Zynga's OMGPOP acquisition: Reaction roundup
More information and analysis on the deal
The sudden acquisition of OMGPOP by Zynga happened as rapidly as the stunning growth of Draw Something, the OMGPOP game that catalyzed the deal. Apparently a number of companies were interested in OMGPOP, but the deal went to Zynga. Comments, speculation and analysis continue to swirl about the nature and scope of the deal.
The statistics generated by Draw Something are impressive. Draw Something is only 6 weeks old, and it's already been downloaded over 37 million times. The game has over 20 million daily active users, and it's the top app in 84 countries around the world. There are currently some 3,000 drawings created every second, and over 1 billion every week. Business Insider noted that it took AOL 9 years to hit 1 million users; it took Facebook 9 months; and Draw Something did it in 9 days. Small wonder, then, that multiple companies were interested in acquiring OMGPOP, and offering lofty prices.
While Zynga has declined to give any financial information about the deal, sources pegged the deal at $180 million, plus another $30 million in employee retention (which may or may not be structured as an earnout, where the acquired unit must meet certain goals in order to trigger the additional payment). This brings the total deal value to $210 million. This may seem like an enormous amount for a company that has struggled for 6 years, and finally had one success - but that one success is growing amazingly fast. Currently it's generating some $250,000 per day in revenue, and that's after Apple has taken out its 30% cut. That's a yearly total of over $91 million, assuming it stays at that level. So $210 million actually looks like a fairly reasonable price.
"Currently it's generating some $250,000 per day in revenue, and that's after Apple has taken out its 30% cut"
Business Insider's Henry Blodget noted that there has been a lot of talk about the deal at Ignition West, their business conference in San Francisco today. Regarding the size of the deal, Simon Khalaf, CEO of mobile analytics firm Flurry, commented: "OMGPOP sold way too early. They're leaving $800 million on the table." That sounds excessive, when some have even been questioning the $210 million deal as perhaps too much. Yet, when you look at how rapidly Rovio has become a company that spurns the idea of a billion dollars, it's not out of the realm of possibility. Rovio, too, is a one-hit wonder, which has yet to show that it can produce a second title not based on Angry Birds that can be a success. Draw Something has had a far speedier ramp than Angry Birds, up to this point. Yes, it may stall out at any point, but there's nothing to indicate that yet.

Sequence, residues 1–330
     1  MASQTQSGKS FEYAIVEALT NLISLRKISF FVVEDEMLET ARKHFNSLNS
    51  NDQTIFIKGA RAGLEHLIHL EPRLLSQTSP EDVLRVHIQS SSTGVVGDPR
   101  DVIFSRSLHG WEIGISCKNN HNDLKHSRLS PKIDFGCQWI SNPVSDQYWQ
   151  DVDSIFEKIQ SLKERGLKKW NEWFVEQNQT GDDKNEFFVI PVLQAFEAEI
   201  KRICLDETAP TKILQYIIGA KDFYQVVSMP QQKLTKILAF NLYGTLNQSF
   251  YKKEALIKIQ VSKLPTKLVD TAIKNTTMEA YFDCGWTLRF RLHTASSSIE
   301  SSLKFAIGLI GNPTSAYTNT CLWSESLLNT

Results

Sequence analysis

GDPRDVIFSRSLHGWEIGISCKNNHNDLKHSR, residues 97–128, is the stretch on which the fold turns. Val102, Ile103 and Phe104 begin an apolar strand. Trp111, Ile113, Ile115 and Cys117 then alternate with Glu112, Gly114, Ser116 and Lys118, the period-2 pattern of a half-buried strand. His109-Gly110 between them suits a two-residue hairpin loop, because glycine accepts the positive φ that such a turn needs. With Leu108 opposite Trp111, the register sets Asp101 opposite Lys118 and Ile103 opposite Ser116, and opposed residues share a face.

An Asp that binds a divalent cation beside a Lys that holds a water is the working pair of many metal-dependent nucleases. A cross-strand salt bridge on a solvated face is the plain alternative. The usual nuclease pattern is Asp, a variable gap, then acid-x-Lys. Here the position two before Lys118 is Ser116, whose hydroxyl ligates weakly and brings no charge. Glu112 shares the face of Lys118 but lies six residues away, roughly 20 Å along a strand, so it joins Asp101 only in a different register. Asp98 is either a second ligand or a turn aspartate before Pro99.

Ryan Lawler at GigaOM said: "What Zynga is picking up isn't just a hit game, the team that built it, or even the 35 other titles that OMGPOP has created over the last six years. And it's not just buying potential ad or in-game sales revenue from Draw Something users. What Zynga's really buying is a huge engaged audience that it can funnel into its other social gaming properties." It's an excellent point; Zynga has proven to be very adept at cross-marketing its games to its huge audience. Draw Something adds millions more to that audience; indications are that there's not a big cross-over between the Draw Something audience and Words With Friends. Adding tens of millions of potential players in one deal is a significant factor in the valuation.
Josh Constine at TechCrunch has a different perspective: "By acquiring OMGPOP, Zynga gets mobile talent, a huge user base to cross-promote from, and the opportunity to keep the drawing game audience unified. From here it can turn on its viral optimization engine, fix the game mechanic flaws, and offer much more compelling in-app purchases. Zynga's been printing money through the virtual economy for years, now it's about to start drawing it." He thinks the game has serious flaws that will need to be addressed, and Zynga is highly skilled at collecting user data, analyzing it, and tweaking gameplay to optimize it for best results. The value of 40 experienced employees in already established offices should not be discounted, either. Based in New York, Zynga's new offices can draw on a talent pool that's not being sought after as eagerly as the San Francisco talent, where the sheer number of companies in the area looking to hire can drive up the price of new hires.